There are lots of reasons why your plants could be looking stressed. Some of these issues can be remedied by simply changing your watering habits, but others might require you to change what you’re using in the garden and how much. Let’s explore some common causes for why your plants may be looking less than stellar!
Photo by David Clode on Unsplash
Photo by David Clode on Unsplash
Your plant is stressed. You know it, I know it, your neighbor knows it. The question is: why? Here are some potential reasons for your plants being under stress:
- Temperature – Did you leave your garden outside during a cold snap or bring them inside when the temperatures were too hot? Many plants need to be acclimated slowly before being put into direct sunlight or moved from one environment to another. This can cause leaves and stems to burn up very quickly in the sun if they aren’t used to that much heat!
- Light – Did you move the pot closer or further away from a window? Plants need full sun or at least medium light levels in order to thrive; any less will result in weak growth and poor health overall.
- Over-watering can cause root rot.
- Over-watering can also cause fungus.
- Over-watering may result in damage to roots and leaves.
One of the most common reasons for stress in a garden is under-watering. This can cause root rot, which leads to the death of your plants. Under-watering can be caused by a number of things, such as a leaky hose or forgetting to water during a drought period. If you suspect that your plant is showing signs of being under-watered, it’s important to act quickly and correct the problem before too much damage has been done.
Pests are a major cause of stress for your plants, and for that reason, it is important to identify the pests in your garden and remove them as soon as possible. If you are using organic pest control, it is still possible that some pests may still be there. Sometimes, pests can even sneak through if you aren’t using any pest control at all!
Insects like caterpillars or beetles infest plant leaves, laying eggs on them so their young will hatch later. This causes wilting and death of leaves because the nutrients flow away from the damaged area of the leaf. Fungi like mildews grow on leaves that have become damp with too much moisture or cool temperatures; these will also cause dying off of leaves until they fall off completely.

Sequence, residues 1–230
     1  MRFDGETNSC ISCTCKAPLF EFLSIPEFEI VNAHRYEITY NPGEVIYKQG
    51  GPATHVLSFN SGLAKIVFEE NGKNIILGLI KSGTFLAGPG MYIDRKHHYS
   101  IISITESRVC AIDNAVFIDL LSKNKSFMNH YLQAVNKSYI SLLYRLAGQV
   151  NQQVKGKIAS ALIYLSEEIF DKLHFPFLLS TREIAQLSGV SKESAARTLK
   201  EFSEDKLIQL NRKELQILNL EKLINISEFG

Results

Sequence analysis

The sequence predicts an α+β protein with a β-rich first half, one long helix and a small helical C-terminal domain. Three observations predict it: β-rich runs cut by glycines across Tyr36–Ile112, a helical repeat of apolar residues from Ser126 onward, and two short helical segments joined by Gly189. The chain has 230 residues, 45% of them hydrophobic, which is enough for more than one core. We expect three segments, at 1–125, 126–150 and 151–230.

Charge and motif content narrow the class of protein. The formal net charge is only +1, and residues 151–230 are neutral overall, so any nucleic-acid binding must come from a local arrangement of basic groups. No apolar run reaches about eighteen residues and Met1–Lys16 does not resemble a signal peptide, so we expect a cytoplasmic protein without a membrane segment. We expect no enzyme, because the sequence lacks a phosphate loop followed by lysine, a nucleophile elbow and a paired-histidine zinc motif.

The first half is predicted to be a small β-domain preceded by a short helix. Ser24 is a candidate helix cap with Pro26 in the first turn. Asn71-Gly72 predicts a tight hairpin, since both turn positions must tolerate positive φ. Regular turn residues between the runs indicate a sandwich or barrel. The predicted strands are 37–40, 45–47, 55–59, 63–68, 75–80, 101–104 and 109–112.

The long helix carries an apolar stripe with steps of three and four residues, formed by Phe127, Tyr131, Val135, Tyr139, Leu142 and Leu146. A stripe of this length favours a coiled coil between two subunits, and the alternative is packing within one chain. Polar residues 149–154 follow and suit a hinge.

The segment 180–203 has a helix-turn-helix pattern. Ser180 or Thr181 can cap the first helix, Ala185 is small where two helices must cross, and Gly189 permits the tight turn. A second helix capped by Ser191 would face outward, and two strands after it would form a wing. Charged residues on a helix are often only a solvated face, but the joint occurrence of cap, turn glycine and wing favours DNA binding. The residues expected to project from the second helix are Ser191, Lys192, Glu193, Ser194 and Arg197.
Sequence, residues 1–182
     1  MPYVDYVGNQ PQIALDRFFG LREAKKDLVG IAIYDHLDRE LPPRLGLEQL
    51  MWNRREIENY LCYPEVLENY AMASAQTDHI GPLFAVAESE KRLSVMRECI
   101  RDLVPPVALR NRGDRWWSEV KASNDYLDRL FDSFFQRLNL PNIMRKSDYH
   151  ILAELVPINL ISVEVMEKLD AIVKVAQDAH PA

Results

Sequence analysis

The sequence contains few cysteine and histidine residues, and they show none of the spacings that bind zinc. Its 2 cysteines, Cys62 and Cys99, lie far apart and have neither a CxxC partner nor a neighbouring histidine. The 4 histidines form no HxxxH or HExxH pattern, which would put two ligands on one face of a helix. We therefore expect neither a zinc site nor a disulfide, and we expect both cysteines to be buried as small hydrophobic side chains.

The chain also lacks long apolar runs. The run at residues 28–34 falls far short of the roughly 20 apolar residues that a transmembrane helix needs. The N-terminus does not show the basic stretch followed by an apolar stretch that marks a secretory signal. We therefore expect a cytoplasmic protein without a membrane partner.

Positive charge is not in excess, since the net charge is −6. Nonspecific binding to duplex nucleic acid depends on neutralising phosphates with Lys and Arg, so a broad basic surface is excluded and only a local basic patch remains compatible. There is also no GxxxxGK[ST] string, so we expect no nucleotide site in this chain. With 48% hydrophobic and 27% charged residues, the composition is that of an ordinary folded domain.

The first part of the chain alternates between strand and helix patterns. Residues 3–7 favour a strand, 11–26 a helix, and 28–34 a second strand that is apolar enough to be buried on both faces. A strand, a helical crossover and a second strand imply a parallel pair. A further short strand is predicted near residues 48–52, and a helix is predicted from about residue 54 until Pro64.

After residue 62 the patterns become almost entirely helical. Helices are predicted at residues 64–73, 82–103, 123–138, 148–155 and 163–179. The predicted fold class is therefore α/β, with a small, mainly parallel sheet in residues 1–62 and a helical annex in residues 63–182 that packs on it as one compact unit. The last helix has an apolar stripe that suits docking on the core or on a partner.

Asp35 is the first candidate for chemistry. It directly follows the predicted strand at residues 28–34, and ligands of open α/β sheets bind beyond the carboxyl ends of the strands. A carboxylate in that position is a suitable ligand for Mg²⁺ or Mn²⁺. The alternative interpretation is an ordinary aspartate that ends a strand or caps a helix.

The most important thing to understand about diseases is that they are caused by either bacteria, viruses or fungi. These organisms are all around us, but healthy plants usually have the natural defenses necessary to fend off these pathogens. However, if the conditions in your garden are not optimal for all of its inhabitants (i.e., soil quality, irrigation practices), it can lead to a weakened immune system — and that means more disease! Here’s how different types of plant stressors can impact plant health:
- Poor soil conditions – Poorly draining soils will put excessive pressure on roots and hold too much water; this leads to root rot or other issues like nutrient leaching (the nutrients drain away with excess water) which can further weaken your plants’ immune systems against disease attacks.
- Poor air circulation – If there’s no good cross-ventilation through open windows or doors in your home during hot weather periods like summertime heat waves without cold fronts coming through regularly then those indoor temperatures will get too high for some houseplants while others may be able to tolerate them better depending on their native habitats outside our homes here at higher latitudes where wintertime temperatures drop below freezing more often than not every year during fall months when trees drop leaves from their branches as well as when snowfall covers ground surfaces across Canada’s prairies during winter seasons.”